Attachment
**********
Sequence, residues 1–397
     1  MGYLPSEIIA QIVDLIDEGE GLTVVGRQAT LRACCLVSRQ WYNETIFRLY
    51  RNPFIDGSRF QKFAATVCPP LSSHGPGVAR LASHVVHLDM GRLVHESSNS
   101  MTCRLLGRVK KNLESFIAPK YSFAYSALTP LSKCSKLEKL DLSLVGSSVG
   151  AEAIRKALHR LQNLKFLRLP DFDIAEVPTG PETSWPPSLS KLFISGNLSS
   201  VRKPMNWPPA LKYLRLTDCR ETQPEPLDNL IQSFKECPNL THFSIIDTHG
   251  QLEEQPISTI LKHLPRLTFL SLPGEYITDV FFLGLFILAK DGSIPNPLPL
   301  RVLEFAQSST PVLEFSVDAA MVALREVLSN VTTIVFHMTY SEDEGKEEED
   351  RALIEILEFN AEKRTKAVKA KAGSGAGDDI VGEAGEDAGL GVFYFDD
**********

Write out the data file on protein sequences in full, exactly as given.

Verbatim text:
Sequence, residues 1–397
     1  MGYLPSEIIA QIVDLIDEGE GLTVVGRQAT LRACCLVSRQ WYNETIFRLY
    51  RNPFIDGSRF QKFAATVCPP LSSHGPGVAR LASHVVHLDM GRLVHESSNS
   101  MTCRLLGRVK KNLESFIAPK YSFAYSALTP LSKCSKLEKL DLSLVGSSVG
   151  AEAIRKALHR LQNLKFLRLP DFDIAEVPTG PETSWPPSLS KLFISGNLSS
   201  VRKPMNWPPA LKYLRLTDCR ETQPEPLDNL IQSFKECPNL THFSIIDTHG
   251  QLEEQPISTI LKHLPRLTFL SLPGEYITDV FFLGLFILAK DGSIPNPLPL
   301  RVLEFAQSST PVLEFSVDAA MVALREVLSN VTTIVFHMTY SEDEGKEEED
   351  RALIEILEFN AEKRTKAVKA KAGSGAGDDI VGEAGEDAGL GVFYFDD